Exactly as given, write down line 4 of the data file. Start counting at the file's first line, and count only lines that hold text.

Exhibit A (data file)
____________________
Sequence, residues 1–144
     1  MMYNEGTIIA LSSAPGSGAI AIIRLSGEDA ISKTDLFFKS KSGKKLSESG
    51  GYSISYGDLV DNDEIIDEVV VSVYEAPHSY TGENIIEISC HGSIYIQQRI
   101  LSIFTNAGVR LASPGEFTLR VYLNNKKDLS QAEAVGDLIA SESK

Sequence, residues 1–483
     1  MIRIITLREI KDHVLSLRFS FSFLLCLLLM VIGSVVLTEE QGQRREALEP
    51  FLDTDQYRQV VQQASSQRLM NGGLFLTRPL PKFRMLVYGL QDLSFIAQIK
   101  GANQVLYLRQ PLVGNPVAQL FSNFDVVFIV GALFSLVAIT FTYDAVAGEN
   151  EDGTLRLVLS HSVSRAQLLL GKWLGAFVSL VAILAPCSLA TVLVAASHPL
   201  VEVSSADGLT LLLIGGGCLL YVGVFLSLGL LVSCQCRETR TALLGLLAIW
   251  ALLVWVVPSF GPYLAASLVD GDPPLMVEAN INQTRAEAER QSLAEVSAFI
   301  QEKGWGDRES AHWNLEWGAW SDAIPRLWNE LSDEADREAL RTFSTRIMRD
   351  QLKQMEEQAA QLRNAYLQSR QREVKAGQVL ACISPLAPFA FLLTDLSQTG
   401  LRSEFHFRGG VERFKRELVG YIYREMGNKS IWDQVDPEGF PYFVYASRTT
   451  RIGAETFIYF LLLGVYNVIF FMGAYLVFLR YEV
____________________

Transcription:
   101  LSIFTNAGVR LASPGEFTLR VYLNNKKDLS QAEAVGDLIA SESK